Whether it’s down to growth or replacement, hiring new employees is something that all organisations face on a day to day basis
In an ideal world, we’d hire all the right staff and they’d stay put in our businesses for a long, happy time. Sadly, this isn’t always the case, and staff turnaround can present a burden for many – especially in the banking and finance industry, where staff turnover rates are higher than any other industry.
Aside from the obvious disadvantages that this poses – including challenges bringing new employees up to speed on tasks and projects, and the cost of recruitment – cybersecurity can easily be compromised as a result of high employee turnover.
Too many organisations spend their security resources on putting strong external defences in place, in an attempt to keep outside hackers at bay. But it turns out that the bigger threat lies a lot closer to home. Sixty six percent of organisations consider malicious insider attacks or accidental breaches more likely than external attacks, and the majority of employees say that they have access to data they shouldn’t.
Keep it Simple: Identity and access management
Whether they mean to or not, new starters are inherently more of a risk to a company’s cybersecurity, as they are not yet embedded in the company culture. This is particularly true for those new to highly regulated sectors like finance, defence and healthcare, where organisations typically have much stricter security rules and processes, which can take some getting used to.
New joiners find themselves being given access rights just because they’re the same as the person sitting next to them. Moreover, many people find that they can still access a previous employer’s systems using their old credentials, even after leaving the company. It’s usually just down to good will and ethics that this doesn’t cause more breaches – clearly, no organisation can afford to rely on this!
How can we reduce the risk of cyber attack from the inside? The answer is: ‘keep it simple, stupid’. Simply reviewing and controlling employees’ access rights, particularly as people enter and leave the company, will significantly lessen the risk of a breach occurring from the inside; but on its own is probably not enough.
Kick-start the cultural change towards cybersecurity
Opening up the identity and access management conversation throughout the whole organisation is the first step in regaining control of who has access to what, as new employees arrive and ex-employees leave.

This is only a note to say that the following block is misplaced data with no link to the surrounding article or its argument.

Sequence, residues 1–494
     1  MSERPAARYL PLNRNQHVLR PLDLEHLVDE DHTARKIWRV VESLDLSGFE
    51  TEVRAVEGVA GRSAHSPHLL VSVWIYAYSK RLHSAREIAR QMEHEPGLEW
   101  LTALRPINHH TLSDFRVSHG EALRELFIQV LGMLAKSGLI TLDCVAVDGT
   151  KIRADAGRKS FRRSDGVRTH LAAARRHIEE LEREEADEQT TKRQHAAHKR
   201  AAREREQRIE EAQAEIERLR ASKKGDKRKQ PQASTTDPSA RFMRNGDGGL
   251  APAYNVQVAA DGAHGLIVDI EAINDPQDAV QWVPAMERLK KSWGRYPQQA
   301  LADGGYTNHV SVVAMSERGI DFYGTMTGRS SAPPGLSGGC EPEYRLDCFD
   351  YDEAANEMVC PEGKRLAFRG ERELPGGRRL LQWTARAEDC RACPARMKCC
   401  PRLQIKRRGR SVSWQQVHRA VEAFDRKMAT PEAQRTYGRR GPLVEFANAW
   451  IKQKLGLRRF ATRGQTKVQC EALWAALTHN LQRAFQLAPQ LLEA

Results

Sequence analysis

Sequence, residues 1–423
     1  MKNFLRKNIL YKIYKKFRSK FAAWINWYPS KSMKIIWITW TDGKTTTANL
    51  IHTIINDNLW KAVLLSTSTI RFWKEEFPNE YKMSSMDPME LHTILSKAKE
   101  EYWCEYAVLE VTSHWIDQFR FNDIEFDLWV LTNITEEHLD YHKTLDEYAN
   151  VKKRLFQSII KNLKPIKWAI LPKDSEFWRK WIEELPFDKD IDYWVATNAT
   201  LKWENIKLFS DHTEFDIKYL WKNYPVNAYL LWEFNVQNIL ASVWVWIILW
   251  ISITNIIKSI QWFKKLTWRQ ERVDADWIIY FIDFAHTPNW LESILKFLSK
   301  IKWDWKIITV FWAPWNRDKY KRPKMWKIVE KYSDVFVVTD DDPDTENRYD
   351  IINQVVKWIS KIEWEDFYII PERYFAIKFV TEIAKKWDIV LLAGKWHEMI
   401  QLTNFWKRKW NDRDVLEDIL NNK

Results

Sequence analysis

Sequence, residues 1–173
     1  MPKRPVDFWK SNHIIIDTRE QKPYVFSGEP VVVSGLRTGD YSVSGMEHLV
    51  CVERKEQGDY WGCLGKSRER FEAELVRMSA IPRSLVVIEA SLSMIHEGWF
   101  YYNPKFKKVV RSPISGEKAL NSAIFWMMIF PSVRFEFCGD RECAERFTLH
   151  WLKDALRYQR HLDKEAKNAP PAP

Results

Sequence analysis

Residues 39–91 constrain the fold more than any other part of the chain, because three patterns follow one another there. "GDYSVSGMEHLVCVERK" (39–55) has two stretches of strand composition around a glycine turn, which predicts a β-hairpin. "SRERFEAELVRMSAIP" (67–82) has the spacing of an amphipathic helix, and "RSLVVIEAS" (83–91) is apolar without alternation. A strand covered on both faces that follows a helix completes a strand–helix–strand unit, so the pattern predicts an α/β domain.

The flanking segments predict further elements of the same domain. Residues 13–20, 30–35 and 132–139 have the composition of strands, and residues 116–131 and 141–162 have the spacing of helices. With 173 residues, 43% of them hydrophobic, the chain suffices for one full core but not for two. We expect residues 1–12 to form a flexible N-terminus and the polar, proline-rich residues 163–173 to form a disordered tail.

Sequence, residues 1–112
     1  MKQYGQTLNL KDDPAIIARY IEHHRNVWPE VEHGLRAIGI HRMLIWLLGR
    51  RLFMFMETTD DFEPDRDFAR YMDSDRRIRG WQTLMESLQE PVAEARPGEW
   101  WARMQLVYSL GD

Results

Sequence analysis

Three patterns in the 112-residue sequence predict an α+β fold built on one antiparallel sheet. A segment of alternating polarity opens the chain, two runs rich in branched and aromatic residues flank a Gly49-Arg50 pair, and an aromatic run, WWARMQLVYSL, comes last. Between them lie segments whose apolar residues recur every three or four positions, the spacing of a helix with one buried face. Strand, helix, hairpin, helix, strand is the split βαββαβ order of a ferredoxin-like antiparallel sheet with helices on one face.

It’s no secret that the industry is struggling with some fundamental issues; the frequency of cyber attacks is evidence of that. Staff turnover doesn’t help, but acts as a catalyst, creating more risk. Looking closer into why these breaches keep on happening, it lies with the current cultural perception of cyber security within the workplace. Organisations are in need of a complete shift in attitudes towards security if businesses are to start combating the issues surrounding new and ex-staff.
We can look at three phases of this cultural change, where the end result comprises of everybody in the organisation understanding that cyber security is their own responsibility.
The first phase, where many organisations get stuck, is where access management is considered solely the job of specific security teams. This produces a clear divide between the employee and the impact of their actions. The second phase takes a step away from this stark divide, putting line managers in charge of employees’ access rights. Ultimately, the final phase will see employees self-certificating their own access rights, with oversight and ultimate approval from line managers.
Hiring new staff doesn’t have to present a cybersecurity burden for companies. It can offer an opportunity to influence the attitude of the workforce towards security. For example, newcomers have the advantage of having no preconceived notions about the company’s security policy or culture. A culture where cybersecurity is considered everyone’s responsibility can be achieved much more easily when starting afresh.
Ultimately, the threat of cyber breaches should never be underestimated. Staff turnover can present a great risk of insider threat, if it is not handled properly; even those movers with the best intentions present a potential security risk. However, this can be an opportunity to instil a better security mindset. And by leveraging identity and access analytics, you can ensure that current, past and future users have the appropriate access rights, reducing the risk that these insiders pose.
About the Author
Mark Rodbert is CEO at idax Software. idax solves one of the most pressing technical issues facing companies today – what information do staff have access to and does that pose a risk? Using predictive identity analytics, idax is the first company in the world to automatically analyse the access rights for an organisation, quantify the risk and determine who has excessive access requiring adjustment. Protecting digital information is critical for modern companies.